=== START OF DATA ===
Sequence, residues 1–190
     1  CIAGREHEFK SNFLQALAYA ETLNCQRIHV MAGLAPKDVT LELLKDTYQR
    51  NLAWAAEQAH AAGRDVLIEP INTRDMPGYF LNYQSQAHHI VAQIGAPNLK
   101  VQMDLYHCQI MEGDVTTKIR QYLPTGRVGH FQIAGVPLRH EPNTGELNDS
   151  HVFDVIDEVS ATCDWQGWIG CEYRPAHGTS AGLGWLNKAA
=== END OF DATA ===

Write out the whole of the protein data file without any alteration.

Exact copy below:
Sequence, residues 1–190
     1  CIAGREHEFK SNFLQALAYA ETLNCQRIHV MAGLAPKDVT LELLKDTYQR
    51  NLAWAAEQAH AAGRDVLIEP INTRDMPGYF LNYQSQAHHI VAQIGAPNLK
   101  VQMDLYHCQI MEGDVTTKIR QYLPTGRVGH FQIAGVPLRH EPNTGELNDS
   151  HVFDVIDEVS ATCDWQGWIG CEYRPAHGTS AGLGWLNKAA